Insomnia causes a writer to suffer from hallucinations. He's distracted, irritated and slowly going mad. He's soon taking it out on the people around him, and he's not afraid to take violent measures.
For a while now we have been planning to do our very first double-review for Trevor Juenger's "Coyote". He's a good friend of ours so both me and Preston wanted to get our opinion out there. Not to mention "Coyote" is also the second film to be produced in the D.I.Y. Kino movement which was started with "Coyote" and our own film, "Dust Box". Anyway, we ended up deciding to do two different reviews for it. Info and a few other things will be copied in both reviews, but otherwise they represent out separate opinions. Spreading the Film Bizarro love, that's all! If you want to read Preston's review, click here!
Let's continue with my (Ronny's) review then, shall we!?
Trevor Juenger's "Coyote" is not connected to the short film we reviewed recently - they are very much different movies. The short film was a different take on werewolves, and Juenger's is the story of a man, his typewriter and his insomnia. Bill works at a moving company by day, and his nights... well, that's there things are going awry. He tries to write but his extreme insomnia makes it hard for him. It's pushing him to the edge. He's suffering from hallucinations and is functioning less and less as a normal person. We're talking downright insane!
The movie pulls inspiration from many fantastic places, but it's hard to say I've ever seen a film quite like "Coyote". We've seen serial killer movies before, we've seen experimental and stylistic horror, but this is putting together all the components in a different way. It brings to mind titles like "Henry: Portrait of a Serial Killer" just as much as it does "Videodrome" or even "Naked Lunch" (that's a bit shallow to say, with the typewriter, but Cronenberg in general), and I think that's a great compliment. It's a bold mix of most genres and pulls it out well.
"Coyote" is packed with visual treats, and this might be where Trevor Juenger stands out the most. This is his first venture into features and you can tell that his training in the short format has paid off. Not only in the great cinematography, but in his experimentation. It's hard to forget the wonderful sequence towards the end where Bill's going berserk. It's experiments that actually pay off in building atmosphere, not just making the movie weird. They're peculiar and weird, no doubt, but it helps building tension in every scene of violence. It's more creative in its violence than you'd be used to, as it's not just about the ways of killing, but how it's shown.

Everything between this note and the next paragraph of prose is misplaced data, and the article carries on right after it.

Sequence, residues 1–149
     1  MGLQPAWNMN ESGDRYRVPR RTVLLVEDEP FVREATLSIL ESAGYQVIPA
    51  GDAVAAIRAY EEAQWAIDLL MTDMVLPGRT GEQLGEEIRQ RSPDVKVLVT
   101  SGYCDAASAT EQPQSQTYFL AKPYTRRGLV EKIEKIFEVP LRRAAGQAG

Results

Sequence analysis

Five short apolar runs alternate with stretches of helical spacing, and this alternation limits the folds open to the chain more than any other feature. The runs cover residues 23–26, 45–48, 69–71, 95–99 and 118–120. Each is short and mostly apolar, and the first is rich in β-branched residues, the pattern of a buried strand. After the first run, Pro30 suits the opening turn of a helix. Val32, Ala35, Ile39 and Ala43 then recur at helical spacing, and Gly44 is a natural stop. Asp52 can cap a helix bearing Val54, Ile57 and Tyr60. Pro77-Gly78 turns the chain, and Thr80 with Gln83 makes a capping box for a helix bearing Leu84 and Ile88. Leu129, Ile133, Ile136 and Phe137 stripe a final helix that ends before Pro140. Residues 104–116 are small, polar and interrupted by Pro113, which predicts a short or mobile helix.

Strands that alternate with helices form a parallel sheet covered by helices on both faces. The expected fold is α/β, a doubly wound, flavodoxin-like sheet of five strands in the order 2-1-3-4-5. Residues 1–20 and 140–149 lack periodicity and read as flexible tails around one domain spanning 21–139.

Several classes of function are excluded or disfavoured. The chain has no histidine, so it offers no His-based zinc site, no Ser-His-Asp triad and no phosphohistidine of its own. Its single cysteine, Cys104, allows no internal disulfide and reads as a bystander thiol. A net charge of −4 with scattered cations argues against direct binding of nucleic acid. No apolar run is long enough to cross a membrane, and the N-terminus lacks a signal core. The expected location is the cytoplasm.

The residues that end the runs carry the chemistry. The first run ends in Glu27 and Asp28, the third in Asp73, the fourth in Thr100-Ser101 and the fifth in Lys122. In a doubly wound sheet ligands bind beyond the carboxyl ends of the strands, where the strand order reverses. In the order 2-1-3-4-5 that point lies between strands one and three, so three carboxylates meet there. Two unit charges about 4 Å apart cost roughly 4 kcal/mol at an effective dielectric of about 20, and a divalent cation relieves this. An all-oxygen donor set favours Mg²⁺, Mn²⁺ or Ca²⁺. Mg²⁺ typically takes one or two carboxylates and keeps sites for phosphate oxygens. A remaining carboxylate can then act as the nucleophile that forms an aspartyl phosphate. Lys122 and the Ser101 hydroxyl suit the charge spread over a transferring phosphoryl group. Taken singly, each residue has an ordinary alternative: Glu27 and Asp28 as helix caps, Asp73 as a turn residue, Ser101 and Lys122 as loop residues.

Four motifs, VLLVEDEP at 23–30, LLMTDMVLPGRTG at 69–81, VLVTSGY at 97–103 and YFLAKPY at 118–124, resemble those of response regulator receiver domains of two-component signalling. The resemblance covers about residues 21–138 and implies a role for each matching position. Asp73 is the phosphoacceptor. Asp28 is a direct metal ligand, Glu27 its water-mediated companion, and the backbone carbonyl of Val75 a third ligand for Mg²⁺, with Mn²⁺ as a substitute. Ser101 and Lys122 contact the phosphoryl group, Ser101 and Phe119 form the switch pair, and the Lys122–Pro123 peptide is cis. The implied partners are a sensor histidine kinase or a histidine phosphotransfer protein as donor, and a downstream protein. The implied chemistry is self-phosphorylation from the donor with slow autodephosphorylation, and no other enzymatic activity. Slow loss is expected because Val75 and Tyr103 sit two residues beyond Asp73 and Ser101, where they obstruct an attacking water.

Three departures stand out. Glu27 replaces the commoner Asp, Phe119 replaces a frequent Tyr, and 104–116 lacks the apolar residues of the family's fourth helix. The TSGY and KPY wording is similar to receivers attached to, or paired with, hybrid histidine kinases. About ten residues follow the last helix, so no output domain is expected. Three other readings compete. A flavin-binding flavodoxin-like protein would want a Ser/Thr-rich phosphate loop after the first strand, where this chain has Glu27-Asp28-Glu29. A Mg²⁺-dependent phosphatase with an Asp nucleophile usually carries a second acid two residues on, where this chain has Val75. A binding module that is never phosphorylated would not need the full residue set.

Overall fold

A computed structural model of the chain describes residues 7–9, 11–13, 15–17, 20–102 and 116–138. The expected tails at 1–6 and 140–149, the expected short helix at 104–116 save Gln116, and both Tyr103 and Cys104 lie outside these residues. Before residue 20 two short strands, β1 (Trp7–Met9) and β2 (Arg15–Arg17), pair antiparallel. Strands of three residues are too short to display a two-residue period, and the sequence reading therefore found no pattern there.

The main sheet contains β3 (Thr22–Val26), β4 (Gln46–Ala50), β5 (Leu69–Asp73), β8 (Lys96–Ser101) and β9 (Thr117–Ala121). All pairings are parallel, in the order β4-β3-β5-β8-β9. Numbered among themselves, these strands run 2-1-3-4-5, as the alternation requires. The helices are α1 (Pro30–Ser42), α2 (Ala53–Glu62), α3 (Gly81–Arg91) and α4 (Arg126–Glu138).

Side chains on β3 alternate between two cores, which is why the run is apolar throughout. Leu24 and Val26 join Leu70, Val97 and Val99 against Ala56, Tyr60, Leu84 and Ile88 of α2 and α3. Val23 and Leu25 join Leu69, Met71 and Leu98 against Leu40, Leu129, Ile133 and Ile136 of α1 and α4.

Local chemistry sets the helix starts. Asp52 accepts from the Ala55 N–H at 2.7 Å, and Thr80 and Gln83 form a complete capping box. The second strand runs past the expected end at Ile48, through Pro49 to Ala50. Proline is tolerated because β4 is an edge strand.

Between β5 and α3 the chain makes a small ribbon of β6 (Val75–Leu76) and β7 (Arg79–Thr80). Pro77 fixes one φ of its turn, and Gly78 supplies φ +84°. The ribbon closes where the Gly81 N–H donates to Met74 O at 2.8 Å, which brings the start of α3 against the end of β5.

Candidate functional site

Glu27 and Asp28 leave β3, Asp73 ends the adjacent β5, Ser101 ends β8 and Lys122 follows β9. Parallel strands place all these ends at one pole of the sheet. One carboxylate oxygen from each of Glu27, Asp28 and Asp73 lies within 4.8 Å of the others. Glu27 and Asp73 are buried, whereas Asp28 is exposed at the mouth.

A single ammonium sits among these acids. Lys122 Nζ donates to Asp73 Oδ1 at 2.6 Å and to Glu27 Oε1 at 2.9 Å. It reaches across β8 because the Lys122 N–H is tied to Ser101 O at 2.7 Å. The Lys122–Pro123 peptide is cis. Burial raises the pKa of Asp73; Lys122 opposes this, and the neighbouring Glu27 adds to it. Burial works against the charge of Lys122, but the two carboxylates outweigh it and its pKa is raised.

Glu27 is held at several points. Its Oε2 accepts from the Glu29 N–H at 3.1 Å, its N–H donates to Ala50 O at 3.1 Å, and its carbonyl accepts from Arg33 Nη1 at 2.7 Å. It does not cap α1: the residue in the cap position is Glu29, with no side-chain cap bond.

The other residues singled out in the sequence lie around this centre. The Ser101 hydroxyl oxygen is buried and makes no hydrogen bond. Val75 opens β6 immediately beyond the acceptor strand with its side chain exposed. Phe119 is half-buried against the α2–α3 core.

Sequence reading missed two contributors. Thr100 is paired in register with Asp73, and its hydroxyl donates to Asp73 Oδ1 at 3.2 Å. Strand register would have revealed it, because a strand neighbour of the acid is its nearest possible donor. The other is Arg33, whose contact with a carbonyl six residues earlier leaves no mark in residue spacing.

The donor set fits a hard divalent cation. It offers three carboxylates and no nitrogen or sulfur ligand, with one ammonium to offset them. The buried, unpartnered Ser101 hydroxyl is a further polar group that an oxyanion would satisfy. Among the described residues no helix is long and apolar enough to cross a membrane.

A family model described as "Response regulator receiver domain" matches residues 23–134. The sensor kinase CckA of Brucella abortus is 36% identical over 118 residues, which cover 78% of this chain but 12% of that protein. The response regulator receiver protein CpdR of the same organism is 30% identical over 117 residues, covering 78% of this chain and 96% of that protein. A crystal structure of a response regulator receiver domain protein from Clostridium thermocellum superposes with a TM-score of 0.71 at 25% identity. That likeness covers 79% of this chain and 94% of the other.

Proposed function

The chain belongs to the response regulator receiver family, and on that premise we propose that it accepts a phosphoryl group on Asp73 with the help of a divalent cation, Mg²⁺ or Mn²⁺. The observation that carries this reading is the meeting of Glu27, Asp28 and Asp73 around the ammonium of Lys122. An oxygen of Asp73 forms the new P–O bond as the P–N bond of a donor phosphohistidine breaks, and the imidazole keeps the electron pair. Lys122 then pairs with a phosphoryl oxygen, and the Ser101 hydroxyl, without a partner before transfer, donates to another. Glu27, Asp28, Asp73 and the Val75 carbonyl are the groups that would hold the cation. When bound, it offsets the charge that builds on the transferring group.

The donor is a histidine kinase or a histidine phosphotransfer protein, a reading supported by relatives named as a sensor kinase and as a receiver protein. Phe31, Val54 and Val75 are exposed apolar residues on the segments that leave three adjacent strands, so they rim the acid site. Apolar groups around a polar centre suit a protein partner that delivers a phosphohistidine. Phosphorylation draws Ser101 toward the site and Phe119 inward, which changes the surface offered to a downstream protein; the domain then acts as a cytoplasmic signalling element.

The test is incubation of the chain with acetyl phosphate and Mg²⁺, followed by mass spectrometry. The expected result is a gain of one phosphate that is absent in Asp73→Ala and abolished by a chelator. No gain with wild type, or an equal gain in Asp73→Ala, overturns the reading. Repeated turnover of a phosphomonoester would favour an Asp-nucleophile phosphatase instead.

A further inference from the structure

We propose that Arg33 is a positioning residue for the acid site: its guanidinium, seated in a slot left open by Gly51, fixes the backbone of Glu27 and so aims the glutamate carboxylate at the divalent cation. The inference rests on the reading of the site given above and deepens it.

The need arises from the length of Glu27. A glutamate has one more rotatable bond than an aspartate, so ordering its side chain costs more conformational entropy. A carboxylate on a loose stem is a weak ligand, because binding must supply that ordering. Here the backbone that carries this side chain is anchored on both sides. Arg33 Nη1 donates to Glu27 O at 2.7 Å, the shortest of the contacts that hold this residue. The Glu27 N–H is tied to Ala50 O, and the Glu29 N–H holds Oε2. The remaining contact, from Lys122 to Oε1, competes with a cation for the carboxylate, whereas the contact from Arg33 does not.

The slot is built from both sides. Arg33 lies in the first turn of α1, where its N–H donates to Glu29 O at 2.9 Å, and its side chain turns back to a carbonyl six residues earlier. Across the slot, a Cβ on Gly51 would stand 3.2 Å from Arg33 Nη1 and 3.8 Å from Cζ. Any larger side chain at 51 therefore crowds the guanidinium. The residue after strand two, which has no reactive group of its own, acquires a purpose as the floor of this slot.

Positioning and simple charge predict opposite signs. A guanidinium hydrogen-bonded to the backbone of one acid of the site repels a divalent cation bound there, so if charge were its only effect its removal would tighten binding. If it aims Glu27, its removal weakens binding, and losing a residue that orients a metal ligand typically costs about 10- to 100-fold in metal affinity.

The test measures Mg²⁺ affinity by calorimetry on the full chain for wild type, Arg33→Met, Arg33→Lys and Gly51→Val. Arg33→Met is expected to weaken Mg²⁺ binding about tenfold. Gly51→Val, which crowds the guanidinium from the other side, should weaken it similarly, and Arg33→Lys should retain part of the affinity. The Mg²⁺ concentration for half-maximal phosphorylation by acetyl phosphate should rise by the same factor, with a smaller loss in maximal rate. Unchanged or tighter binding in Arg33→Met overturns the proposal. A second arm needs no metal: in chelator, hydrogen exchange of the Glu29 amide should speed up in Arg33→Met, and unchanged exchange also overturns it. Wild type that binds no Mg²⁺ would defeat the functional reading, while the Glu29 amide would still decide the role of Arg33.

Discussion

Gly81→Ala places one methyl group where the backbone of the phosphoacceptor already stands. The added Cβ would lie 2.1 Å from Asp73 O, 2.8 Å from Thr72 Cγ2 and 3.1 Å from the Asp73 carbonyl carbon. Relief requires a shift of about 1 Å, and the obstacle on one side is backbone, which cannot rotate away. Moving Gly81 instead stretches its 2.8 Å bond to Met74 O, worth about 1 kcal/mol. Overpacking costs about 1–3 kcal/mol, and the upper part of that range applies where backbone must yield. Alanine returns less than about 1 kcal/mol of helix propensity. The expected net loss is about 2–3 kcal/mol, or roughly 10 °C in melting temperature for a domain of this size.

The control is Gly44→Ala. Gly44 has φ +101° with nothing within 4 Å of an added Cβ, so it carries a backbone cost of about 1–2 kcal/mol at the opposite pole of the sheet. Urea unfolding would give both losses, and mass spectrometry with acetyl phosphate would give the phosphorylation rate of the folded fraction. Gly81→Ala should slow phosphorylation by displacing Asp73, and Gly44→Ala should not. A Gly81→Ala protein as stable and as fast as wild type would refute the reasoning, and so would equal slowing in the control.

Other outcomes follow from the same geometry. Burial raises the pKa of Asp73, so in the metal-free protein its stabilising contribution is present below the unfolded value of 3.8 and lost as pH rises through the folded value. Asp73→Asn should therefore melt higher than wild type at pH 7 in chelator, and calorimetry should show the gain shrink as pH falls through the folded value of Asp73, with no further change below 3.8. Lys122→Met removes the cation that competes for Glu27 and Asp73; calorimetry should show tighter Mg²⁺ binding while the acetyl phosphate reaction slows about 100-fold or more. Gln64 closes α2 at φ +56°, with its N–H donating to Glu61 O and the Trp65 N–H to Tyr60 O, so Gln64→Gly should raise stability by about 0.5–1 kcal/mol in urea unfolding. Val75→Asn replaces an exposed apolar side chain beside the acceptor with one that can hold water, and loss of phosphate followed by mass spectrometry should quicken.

There is a comedic tone through-out, but trust me when I say it's blacker than the night. It uses comedy to bring the viewer a bigger experience, and a lot of the time it's used in a way to highlight how insane Bill is. Bill Oberst Jr. plays his role perfectly, since he can really bring out the crazy in his character, but also because he understands the way Juenger wants to use the comedy. Had anyone else played the role it could have been a mess, but when you watch Bill Oberst Jr. you don't know if you want to hide, laugh or cry.
The violence is not extreme, but it's done with such style and care that you'll remember most of them longer than any random torture flick. The movie isn't shy to be brutal or explicit, but it's all about the psychological turmoil. A scene that brings together all of these things is when Bill sees a pulsating vagina instead of glass in an old camera's lens. Yes. It gets weird. Very weird, at times.
When the film ends it lingers in your mind for a long time. The ending shot is phenomenally haunting and luckily it stays on through the end credits. "Coyote" is a new kind of psychological horror. While I can see similarities to some titles, it's standing on its own. Trevor Juenger offers everything we're all about here at Film Bizarro and I couldn't be more proud of him. We've enjoyed his short films for some time, but he went above and beyond with his first feature. "Coyote" is a sleepless nightmare and, frankly, a punch to both my head and gut. It's a triumph of modern independent filmmaking and almost destined to become a cult classic.